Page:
Thanks for the suggestion. It works like a charm when i implemented the batch logic using single insert statements.

Though the work is completed, still I am not able to throw the Batch insert thing out of my mind and wanna give it a try offline(i.e. not in production, only for my learning purpose ).

Can you please tell is there some way like i can catch the record throwing exception and proceed with further processing (I have seen when a record of batch insert fails then the entire process is aborted) ? I don't want to retry the insertion of the failed record. All i want is to log the record details and proceed with the further execution of the batch.

I am using Oracle 10g db and classes12.jar for connecting with the DB

Regards,
Martin Vajsar
Sheriff

Joined: Aug 22, 2010
Posts: 3610
    
  60

Anthony D'Souz wrote:I am using Oracle 10g db and classes12.jar for connecting with the DB

You aren't on JDK 1.2, are you? You should probably use a newer driver, see http://www.coderanch.com/how-to/java/OracleFaq#driverversion.

Out of interest, I've digged into the 11g R2 documentation:

Oracle wrote:Error Handling in the Oracle Implementation of Standard Batching

If any one of the batched operations fails to complete successfully or attempts to return a result set during an executeBatch call, then the processing stops and a java.sql.BatchUpdateException is generated.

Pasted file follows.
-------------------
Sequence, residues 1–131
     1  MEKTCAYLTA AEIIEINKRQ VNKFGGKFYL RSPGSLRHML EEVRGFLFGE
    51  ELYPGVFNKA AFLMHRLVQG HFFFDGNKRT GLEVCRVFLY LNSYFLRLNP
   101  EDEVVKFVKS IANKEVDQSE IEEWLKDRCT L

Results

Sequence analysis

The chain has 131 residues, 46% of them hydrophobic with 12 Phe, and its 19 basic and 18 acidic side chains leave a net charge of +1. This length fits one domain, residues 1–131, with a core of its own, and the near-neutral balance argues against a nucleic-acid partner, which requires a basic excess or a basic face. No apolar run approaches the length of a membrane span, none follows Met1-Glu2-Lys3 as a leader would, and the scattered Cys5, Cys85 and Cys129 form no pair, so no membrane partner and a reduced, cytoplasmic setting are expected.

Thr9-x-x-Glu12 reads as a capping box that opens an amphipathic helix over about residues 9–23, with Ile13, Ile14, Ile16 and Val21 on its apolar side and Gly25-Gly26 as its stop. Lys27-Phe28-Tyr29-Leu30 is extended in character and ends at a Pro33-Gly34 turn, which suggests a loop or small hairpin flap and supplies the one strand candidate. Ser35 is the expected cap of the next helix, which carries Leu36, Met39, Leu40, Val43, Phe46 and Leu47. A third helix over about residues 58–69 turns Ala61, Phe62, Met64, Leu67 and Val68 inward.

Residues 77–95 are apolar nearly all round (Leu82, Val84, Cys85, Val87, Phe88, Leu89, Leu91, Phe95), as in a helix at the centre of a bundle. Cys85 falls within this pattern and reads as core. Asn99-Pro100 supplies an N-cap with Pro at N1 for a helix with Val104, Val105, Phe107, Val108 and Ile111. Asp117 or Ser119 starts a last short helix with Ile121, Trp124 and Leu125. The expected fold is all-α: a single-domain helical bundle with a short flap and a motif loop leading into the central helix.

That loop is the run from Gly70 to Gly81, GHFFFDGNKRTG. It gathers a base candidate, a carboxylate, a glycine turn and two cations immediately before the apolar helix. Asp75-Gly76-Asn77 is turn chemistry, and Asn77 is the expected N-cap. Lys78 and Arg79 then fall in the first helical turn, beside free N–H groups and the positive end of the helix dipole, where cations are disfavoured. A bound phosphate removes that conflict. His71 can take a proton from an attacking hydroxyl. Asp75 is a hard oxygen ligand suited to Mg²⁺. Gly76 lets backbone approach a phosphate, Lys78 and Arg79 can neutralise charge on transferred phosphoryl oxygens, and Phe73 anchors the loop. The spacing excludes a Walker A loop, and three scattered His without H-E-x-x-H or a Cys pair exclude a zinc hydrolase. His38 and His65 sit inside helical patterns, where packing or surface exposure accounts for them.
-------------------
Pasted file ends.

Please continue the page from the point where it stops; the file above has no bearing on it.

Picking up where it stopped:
After a batch exception, the update counts array can be retrieved using the getUpdateCounts method of the BatchUpdateException object. This returns an int array of update counts, just as the executeBatch method does. In the Oracle implementation of standard update batching, contents of the update counts array are as follows, after a batch is processed:

  • For a prepared statement batch, it is not possible to know which operation failed. The array has one element for each operation in the batch, and each element has a value of -3. According to the JDBC 2.0 specification, a value of -3 indicates that an operation did not complete successfully. In this case, it was presumably just one operation that actually failed, but because the JDBC driver does not know which operation that was, it labels all the batched operations as failures.

    You should always perform a ROLLBACK operation in this situation.


  • For a generic statement batch or callable statement batch, the update counts array is only a partial array containing the actual update counts up to the point of the error. The actual update counts can be provided because Oracle JDBC cannot use true batching for generic and callable statements in the Oracle implementation of standard update batching.

    For example, if there were 20 operations in the batch, the first 13 succeeded, and the 14th generated an exception, then the update counts array will have 13 elements, containing actual update counts of the successful operations.

    You can either commit or roll back the successful operations in this situation, as you prefer.

  • In your code, upon failed processing of a batch, you should be prepared to handle either -3 or true update counts in the array elements when an exception occurs. For a failed batch processing, you will have either a full array of -3 or a partial array of positive integers.

    Emphasis added.

    You want to use PreparedStatement; for many reasons, one of them being that without using PreparedStatement the performance benefit of batch update (Oracle's "array insert") does not much exists. Therefore, you cannot determine which rows failed.

    The same is true for Oracle's own update batching.

    So, no batch updates for you.
     
    wood burning stoves
     
    subject: JDBC Batch insert exception handling